The winter of 2012/13, on paper, looks like it could be one of the best for sheer numbers of cod for some time. There should be fair numbers of fish around 1½lb to 2lb, but also fish between 3lb and 4lb left over from last winter. In among these will be some double-figure cod, plus the chance of 20lb-plus fish, if the weather patterns fall right to keep the cod close to shore.
Cod can only really be confused with the whiting. The cod has a blunter, bigger head, but the whiting’s head is more pointed towards the jaws. The cod’s lateral line is more pronounced and features an upwards curve above the pectoral fin. Also look for a definite black or dark spot positioned at the root of the pectoral fin on the whiting, which is missing on the cod. When living over sand, cod take on a mottled fawn or light brown colouring on the back with a white underside But when feeding mostly over mixed rougher ground and broken shell they become slightly greener on the back for better camouflage.
They achieve sexual maturity at the age of four years, and female cod can produce up to 10 million eggs. The fry are rarely evident, but by the end of their second spring can be found close inshore and will range from four to seven inches long. Overall growth is rapid and, by their third year, they should weigh in the region of 4lb, although they are still not fully mature.
Cod are designed with a large mouth in comparison to the body for hoovering up food items off the sea bed, and sucking in the bait fish that they prey on. A typical cod diet includes crabs, worms, shellfish, shrimps and squat lobsters – but as they grow bigger they start taking live fish such as poor cod, pouting, whiting, flatfish, sandeel, herring, and mackerel and are also cannibalistic by eating their own kind!
Cod are found northward as far as the Barents Sea off northern Russia, westward taking in Iceland and the southern tip of Greenland, also off the Newfoundland coast and the eastern coast of North America. They are common off Western Europe from Norway south to the Bay of Biscay taking in the whole of the UK and Ireland. In Scotland and northeast England, cod can be caught pretty much throughout the whole year – although from September onwards, numbers increase as more fish move in from deeper water. In the south of the UK, the traditional start to the cod season is again September, with the first fish generally showing from the shore marks in the upper Bristol Channel, from Dungeness Beach in Kent, Chesil Beach in Dorset, The Tamar Estuary, and also from East Anglian, Lincolnshire and Yorkshire beaches.
Numbers increase throughout October, with the peak period for shore cod November through to Christmas. Come the New Year, cod numbers rapidly thin out as the fish move offshore prior to spawning. Cod like big seas with a good swell and a surf running. This displaces food from the sand and the cod move in to feed. Big Atlantic weather systems that bring gale-force winds in from the southwest and west are the ones to watch for. As these produce surf and swell as they approach it can fish well – but the best fishing is after the gale blows through and the wind drops, but the sea remains rough. Big catches can be made at these times.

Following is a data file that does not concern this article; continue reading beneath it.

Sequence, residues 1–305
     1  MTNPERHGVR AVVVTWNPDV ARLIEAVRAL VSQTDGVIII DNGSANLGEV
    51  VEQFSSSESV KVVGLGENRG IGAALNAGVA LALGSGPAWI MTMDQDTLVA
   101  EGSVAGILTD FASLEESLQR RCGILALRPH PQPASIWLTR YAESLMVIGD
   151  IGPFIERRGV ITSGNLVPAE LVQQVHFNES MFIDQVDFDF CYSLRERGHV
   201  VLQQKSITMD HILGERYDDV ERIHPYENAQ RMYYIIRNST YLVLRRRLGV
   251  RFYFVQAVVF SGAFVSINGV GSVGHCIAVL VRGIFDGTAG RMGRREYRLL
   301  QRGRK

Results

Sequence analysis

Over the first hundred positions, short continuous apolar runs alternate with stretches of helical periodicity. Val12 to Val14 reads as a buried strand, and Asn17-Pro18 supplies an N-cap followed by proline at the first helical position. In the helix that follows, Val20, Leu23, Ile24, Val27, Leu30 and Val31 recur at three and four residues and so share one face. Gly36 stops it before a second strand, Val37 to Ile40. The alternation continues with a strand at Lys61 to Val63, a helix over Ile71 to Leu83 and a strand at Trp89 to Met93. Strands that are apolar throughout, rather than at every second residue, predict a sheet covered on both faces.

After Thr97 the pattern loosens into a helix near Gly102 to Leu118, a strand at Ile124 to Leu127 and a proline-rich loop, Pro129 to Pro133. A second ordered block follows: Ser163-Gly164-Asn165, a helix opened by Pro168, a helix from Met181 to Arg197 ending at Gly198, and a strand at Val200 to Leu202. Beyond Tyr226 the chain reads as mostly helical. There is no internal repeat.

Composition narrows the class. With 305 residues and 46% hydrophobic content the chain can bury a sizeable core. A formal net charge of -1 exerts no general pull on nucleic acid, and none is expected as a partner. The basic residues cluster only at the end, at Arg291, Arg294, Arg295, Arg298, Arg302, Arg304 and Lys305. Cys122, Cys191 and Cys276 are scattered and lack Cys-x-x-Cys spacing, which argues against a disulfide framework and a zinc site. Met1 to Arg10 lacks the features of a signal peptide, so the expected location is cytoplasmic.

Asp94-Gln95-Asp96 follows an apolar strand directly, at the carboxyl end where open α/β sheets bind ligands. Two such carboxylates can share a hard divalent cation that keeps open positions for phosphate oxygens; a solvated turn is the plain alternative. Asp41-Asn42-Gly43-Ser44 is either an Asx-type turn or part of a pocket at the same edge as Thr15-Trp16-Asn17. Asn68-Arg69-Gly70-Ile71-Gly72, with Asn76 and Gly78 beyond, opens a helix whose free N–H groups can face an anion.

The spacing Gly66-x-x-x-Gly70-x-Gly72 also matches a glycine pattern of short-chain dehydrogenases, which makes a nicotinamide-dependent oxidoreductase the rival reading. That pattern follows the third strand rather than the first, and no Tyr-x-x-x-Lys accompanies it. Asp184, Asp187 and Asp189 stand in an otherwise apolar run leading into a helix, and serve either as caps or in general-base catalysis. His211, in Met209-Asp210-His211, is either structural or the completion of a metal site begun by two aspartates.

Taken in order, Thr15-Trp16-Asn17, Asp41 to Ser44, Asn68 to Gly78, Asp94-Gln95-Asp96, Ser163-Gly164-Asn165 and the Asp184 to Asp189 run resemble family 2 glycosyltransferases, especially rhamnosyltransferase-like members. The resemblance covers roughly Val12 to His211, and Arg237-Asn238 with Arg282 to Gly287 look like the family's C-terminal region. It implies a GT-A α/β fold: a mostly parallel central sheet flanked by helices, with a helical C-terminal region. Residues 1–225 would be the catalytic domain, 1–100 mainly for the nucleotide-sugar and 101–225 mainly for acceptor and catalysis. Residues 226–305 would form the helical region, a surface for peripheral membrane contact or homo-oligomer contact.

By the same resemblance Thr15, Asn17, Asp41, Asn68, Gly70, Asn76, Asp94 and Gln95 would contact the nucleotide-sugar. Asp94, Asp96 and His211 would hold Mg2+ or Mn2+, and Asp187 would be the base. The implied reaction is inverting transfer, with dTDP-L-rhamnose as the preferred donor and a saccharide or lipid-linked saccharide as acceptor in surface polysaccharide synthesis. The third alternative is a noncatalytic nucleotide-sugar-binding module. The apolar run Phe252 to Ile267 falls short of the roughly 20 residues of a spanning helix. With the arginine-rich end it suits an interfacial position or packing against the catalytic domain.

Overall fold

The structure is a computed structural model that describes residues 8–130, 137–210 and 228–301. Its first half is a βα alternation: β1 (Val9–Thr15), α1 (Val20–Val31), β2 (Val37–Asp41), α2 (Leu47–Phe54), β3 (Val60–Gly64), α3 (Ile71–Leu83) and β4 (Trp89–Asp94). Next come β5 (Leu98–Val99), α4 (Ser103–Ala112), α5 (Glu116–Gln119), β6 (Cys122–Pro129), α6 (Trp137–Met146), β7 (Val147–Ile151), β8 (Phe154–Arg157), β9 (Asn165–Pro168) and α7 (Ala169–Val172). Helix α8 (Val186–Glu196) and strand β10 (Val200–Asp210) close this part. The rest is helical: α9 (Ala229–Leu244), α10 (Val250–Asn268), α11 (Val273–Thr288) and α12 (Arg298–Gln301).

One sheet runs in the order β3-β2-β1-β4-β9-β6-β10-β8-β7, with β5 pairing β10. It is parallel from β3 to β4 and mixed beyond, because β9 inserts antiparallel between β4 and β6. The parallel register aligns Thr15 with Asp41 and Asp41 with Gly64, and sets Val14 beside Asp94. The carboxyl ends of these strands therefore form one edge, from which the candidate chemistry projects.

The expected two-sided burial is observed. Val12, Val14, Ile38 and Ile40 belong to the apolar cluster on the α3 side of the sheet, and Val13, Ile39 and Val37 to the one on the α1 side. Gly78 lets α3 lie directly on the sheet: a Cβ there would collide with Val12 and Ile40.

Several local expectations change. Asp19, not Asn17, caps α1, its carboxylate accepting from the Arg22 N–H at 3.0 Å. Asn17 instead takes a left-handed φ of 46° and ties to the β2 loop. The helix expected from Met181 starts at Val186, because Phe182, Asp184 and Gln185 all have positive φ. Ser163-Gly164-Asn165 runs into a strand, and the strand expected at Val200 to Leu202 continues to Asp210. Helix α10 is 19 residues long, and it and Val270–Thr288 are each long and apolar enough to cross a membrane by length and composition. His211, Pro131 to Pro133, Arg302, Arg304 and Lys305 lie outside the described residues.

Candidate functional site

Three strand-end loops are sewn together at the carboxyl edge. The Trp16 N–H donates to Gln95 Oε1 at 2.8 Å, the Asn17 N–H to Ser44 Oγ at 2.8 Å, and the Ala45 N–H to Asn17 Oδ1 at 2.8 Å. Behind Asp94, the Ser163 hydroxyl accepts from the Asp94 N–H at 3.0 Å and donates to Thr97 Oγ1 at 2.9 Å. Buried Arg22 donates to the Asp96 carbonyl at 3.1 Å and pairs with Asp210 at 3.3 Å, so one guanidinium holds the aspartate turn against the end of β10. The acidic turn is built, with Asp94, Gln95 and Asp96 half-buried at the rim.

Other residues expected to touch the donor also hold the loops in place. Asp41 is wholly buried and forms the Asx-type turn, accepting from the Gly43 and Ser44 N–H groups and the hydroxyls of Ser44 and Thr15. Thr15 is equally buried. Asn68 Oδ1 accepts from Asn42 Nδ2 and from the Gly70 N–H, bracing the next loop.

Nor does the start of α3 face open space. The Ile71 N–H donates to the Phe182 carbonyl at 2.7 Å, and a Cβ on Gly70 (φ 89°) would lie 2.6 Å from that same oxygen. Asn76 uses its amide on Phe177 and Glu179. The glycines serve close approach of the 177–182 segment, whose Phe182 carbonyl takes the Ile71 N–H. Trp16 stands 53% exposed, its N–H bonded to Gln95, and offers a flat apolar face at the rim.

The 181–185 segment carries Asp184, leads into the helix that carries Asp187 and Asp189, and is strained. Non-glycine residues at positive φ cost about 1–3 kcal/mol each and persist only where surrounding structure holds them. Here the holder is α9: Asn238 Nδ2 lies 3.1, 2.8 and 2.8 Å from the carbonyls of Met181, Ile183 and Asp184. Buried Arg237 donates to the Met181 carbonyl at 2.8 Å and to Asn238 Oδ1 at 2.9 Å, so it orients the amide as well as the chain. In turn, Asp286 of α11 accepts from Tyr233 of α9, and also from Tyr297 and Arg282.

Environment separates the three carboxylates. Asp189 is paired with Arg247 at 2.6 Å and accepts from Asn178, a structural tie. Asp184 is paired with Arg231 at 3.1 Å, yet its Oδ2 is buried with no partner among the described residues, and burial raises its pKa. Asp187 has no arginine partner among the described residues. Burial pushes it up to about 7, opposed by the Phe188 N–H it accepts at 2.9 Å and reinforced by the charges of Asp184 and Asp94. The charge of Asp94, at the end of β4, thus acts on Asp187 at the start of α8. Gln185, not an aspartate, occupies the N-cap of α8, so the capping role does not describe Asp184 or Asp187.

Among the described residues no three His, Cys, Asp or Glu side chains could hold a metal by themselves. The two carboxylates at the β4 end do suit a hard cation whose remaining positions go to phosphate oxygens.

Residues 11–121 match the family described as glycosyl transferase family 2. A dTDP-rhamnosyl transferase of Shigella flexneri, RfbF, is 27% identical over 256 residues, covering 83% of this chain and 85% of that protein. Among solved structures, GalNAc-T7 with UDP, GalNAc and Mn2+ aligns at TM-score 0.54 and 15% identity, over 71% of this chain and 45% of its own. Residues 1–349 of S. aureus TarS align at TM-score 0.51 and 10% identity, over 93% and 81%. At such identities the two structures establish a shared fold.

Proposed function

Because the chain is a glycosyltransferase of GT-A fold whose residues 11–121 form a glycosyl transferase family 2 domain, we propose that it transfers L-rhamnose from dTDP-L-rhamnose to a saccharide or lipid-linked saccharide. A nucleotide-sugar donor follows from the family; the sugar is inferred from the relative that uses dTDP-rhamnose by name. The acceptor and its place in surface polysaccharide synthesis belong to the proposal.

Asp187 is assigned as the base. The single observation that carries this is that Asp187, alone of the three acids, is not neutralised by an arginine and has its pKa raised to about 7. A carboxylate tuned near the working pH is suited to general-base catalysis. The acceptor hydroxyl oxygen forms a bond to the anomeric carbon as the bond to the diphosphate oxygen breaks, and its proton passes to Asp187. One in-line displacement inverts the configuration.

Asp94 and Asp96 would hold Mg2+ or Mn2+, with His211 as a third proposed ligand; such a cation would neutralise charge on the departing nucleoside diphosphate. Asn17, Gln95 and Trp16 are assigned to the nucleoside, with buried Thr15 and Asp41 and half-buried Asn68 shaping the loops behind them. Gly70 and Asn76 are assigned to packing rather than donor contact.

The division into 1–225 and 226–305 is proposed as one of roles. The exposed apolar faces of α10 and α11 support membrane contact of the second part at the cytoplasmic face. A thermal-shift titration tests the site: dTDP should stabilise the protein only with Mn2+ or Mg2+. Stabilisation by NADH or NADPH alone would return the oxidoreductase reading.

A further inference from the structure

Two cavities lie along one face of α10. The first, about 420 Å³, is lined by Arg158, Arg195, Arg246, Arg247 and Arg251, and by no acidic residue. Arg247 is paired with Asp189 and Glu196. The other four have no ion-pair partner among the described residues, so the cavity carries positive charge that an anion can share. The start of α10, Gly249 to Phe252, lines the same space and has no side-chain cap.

Cod can be caught by day if the water is very coloured and ideally over 15 feet in depth, to minimise light passing through the water column. But experienced cod anglers will always fish at night, as this is when the bulk of the fish move inshore to feed. Tides rising from middle sized through to the biggest spring tides prove by far the best. Once the tides peak and start to fall back in size, so to do catches of cod.
On shallow surf beaches, low water and right through the flood tide to high water can be a good time – but once the ebb starts, typically the fish move further out and often beyond fishing range. On deeper beaches, often the cod come in with the mid-flood when the tide picks up speed, staying until high water – but it can vary from beach to beach.
When fishing on shallow beaches, look for features. Deeper sand gullies running parallel with the shore catch food pushed in by the tide and will hold cod too. Note any areas where patches of shingle, broken boulders or mussel beds lay, as these will hold food and the cod will visit. Junctions of boulders and sand are good, also channels between sandbanks where the fish will pass through as the tide floods in. All these are cod hotspots. Look at the surf pattern on deeper beaches. Any areas where the surf breaks closer in indicates deeper water and are worth fishing. Also look for areas where flotsam and jetsam washes up as these identify a tide current that washes ashore there, and will bring food with it too. Also any out-jutting rock or shingle banks that deflect the tide will again draw cod in to feed among broken ground.
Surf cod fishing, due to the nature of the sea state being typically rough, requires powerful fast taper, 5oz to 6oz beachcasters between 12 and 14 feet. Most anglers opt for a rod between 12 feet six inches and 13 feet six inches. Over clean sand popular reels for maximum distance, which can be an advantage on many cod beaches, are the ABU 6500i TSR loaded with 15lb line and a 60lb to 80lb shockleader. For very rough seas and when fishing in among broken ground, most anglers prefer the increased winching power of the Penn 525 Mag 2, loaded with 20lb line and an 80lb shockleader.
The top beach bait for winter cod is blow or black lugworm. Make the baits at least five inches long and bulk them out to increase scent and give the cod something to home in on in the dirty water. Other good baits are ragworm, which often fishes well as a cocktail with lugworm, whole squid, or squid strips added to worm baits, mussel, razorfish, and bluey as strips and as half-body baits. Peeler crab, especially near rougher ground, will also be deadly.